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Re: If a two-digit positive integer has its digits reversed, the [#permalink]

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08 Jan 2014, 20:10

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Re: If a two-digit positive integer has its digits reversed, the [#permalink]

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15 Feb 2015, 09:42

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The "math" behind this question is such that there are several different numbers that "fit" the given "restrictions"; in that way, we can use a bit of "brute force" to quickly come up with the answer.

We're told that a two-digit positive integer will differ from its "reverse" by 27.

I'm going to 'play' with this math a bit.....

IF we use.... 12 and 21 then the difference is 21-12 = 9 This is NOT a match 13 and 31 then the difference is 31-13 = 18 This is NOT a match. Notice how the difference increases by 9 though!!!!! 14 and 41 then the difference is 41-14 = 27 This IS a match.

The question asks for the difference in the two digits involved. Using these values, the answer is 4-1 = 3

I mentioned at the beginning that there were several numbers that "fit" what this question was asking for. They are 14 and 41, 25 and 52, 36 and 63, 47 and 74, 58 and 85, 69 and 96.

Re: If a two-digit positive integer has its digits reversed, the [#permalink]

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09 Jun 2016, 12:19

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If a two-digit positive integer has its digits reversed, the resulting integer differs from the original by 27. By how much do the two digits differ?

(A) 3 (B) 4 (C) 5 (D) 6 (E) 7

Let’s first label the original two-digit integer as N. We can then say that N = 10A + B, where A is the tens digit and B is the units digit of N.

If this is hard to see let’s try it with a sample number, say 24. We can say the following:

24 = (2 x 10) + 4

24 = 20 + 4

24 = 24

Getting back to the problem, we are given that if the integer N has its digits reversed the resulting integer differs from the original by 27. First let’s express the reversed number in a similar fashion to the way in which we expressed the original integer.

10B + A = reversed integer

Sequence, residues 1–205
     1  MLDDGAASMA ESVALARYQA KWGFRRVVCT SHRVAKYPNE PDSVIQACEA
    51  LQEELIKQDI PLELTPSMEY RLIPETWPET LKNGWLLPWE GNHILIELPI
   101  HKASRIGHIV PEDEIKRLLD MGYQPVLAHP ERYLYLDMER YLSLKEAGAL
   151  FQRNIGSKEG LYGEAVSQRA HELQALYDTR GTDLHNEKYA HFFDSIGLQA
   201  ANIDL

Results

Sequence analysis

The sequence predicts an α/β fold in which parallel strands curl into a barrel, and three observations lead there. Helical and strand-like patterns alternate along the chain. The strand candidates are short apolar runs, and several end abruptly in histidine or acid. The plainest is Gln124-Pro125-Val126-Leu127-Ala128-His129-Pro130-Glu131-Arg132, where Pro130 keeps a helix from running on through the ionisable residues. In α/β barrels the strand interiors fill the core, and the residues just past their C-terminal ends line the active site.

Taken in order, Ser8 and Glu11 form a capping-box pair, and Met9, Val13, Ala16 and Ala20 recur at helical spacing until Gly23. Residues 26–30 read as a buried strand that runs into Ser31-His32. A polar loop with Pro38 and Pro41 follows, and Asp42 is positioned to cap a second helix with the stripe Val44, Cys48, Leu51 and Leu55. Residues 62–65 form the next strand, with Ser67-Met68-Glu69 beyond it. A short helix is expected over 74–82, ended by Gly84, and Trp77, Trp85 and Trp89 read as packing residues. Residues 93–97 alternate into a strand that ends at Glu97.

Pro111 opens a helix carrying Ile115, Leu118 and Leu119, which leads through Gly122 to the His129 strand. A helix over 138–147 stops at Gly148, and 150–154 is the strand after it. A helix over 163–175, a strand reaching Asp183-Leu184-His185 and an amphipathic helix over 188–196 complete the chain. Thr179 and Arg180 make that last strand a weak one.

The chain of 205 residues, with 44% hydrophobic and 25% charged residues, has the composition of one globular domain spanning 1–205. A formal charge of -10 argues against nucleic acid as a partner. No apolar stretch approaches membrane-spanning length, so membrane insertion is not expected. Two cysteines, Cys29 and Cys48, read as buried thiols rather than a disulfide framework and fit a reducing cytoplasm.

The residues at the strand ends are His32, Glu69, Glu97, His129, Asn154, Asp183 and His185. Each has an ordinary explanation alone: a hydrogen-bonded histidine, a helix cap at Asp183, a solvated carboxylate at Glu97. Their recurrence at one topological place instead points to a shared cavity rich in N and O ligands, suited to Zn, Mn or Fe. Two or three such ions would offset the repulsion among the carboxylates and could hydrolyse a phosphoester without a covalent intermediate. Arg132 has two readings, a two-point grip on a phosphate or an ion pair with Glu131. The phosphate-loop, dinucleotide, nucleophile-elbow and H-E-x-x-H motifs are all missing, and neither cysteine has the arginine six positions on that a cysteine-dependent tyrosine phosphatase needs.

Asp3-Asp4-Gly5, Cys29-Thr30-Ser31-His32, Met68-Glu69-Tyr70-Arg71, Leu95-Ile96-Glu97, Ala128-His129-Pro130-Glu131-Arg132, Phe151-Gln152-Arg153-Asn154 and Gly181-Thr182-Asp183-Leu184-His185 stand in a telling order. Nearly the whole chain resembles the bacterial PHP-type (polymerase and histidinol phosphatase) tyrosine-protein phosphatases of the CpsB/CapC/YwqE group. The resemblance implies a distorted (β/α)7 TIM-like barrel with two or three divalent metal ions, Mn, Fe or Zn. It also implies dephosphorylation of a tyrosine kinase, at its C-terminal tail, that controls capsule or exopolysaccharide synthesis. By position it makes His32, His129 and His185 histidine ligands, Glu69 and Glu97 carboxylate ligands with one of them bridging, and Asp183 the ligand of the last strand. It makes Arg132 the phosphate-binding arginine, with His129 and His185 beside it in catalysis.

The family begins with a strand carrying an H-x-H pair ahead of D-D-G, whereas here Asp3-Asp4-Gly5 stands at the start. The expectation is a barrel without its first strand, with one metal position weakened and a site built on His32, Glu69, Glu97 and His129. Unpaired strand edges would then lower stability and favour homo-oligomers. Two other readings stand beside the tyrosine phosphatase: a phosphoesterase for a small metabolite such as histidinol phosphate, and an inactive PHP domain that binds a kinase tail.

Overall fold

Since we know the resulting integer differs from the original by 27 we can say:

10B + A – (10A + B) = 27

10B + A – 10A – B = 27

9B – 9A = 27

B – A = 3

Since B is the tens digit and A is the units digit, we can say that the digits differ by 3.

The answer is A.
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Re: If a two-digit positive integer has its digits reversed, the [#permalink]

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18 May 2017, 07:09

I find this problem simple and a little confusing.

So we have here ab – ba = 27 Let’s say ab = N, We can formulate it as N = 10a + b, a – is tenths digit, and b – unit digit. For example: N = 4*10 +5 = 45 Now reversed number will be as follows:

10b+a

we know: ab – ba = 27 => 10a + b – (10b +a) = 27 10a + b – 10b – a = 27 9a – 9b = 27 a – b = 3. => two digits differ by 3.

Re: If a two-digit positive integer has its digits reversed, the [#permalink]

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04 Sep 2017, 03:02

ScottTargetTestPrep wrote:

salr15 wrote:

If a two-digit positive integer has its digits reversed, the resulting integer differs from the original by 27. By how much do the two digits differ?

(A) 3 (B) 4 (C) 5 (D) 6 (E) 7

Let’s first label the original two-digit integer as N. We can then say that N = 10A + B, where A is the tens digit and B is the units digit of N.

If this is hard to see let’s try it with a sample number, say 24. We can say the following:

24 = (2 x 10) + 4

24 = 20 + 4

24 = 24

Getting back to the problem, we are given that if the integer N has its digits reversed the resulting integer differs from the original by 27. First let’s express the reversed number in a similar fashion to the way in which we expressed the original integer.

10B + A = reversed integer

Since we know the resulting integer differs from the original by 27 we can say:

10B + A – (10A + B) = 27

10B + A – 10A – B = 27

9B – 9A = 27

B – A = 3

Since B is the tens digit and A is the units digit, we can say that the digits differ by 3.